Also, I figure the way you treat your hakama might be indicative of your aikido.  For me, I want to treat it with respect, but I don't want to baby it, either.  My aikido is probably never going to have all the creases be perfect anyway, if ya know what I mean.  That's my story, and I'm stickin' to it.

So anyway, I washed it (cold water, low spin), and I even threw it in the dryer (low heat, only 20 minutes). Then I hung it overnight to complete the drying, and today I ironed the pleats back in as best I could (using an old pillowcase to make sure the iron never touched the hakama itself, since that would likely give it a post-iron sheen).

Feels pretty good, and I think it looks pretty good, too.  Oh, Yeah.

So yes, I'll probably wear it to tomorrow's class, and thereafter, including during my Shodan test.  I figure this is my own little way of saying "I'm ready."

Thursday, October 17, 2013

Hakama Arrived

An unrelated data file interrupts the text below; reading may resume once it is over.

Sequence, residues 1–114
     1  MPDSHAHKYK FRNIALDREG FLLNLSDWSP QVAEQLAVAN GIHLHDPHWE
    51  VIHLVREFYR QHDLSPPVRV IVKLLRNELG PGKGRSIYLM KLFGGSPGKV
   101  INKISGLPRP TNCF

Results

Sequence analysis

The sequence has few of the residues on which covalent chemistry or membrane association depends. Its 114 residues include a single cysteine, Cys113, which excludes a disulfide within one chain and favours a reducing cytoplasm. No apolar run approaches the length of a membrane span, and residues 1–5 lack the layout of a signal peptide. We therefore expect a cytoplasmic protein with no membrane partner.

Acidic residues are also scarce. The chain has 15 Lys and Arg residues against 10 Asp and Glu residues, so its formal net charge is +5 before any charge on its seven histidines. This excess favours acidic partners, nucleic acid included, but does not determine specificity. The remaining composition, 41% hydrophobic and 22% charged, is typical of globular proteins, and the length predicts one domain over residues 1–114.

Hakama arrived. Think I tried it on?  Damn right I did.   :-)

Tried three different ways of tying it on.

  1. Front first, knot in the back, front knot left to hang
  2. Back first, twisting himo around belt, tidy front knot
  3. Same as #2, but with a different front knot.
  4. Back temporary tie-off, then front, then back -- simple knots, all exposed and in front
From what I've recently read in "In The Dojo", by Dave Lowry, #1 is the most traditional. Despite the knot in the back (which I wonder will get in the way during ukeme), I think it was my favorite, though tying that knot in the back will take some practice.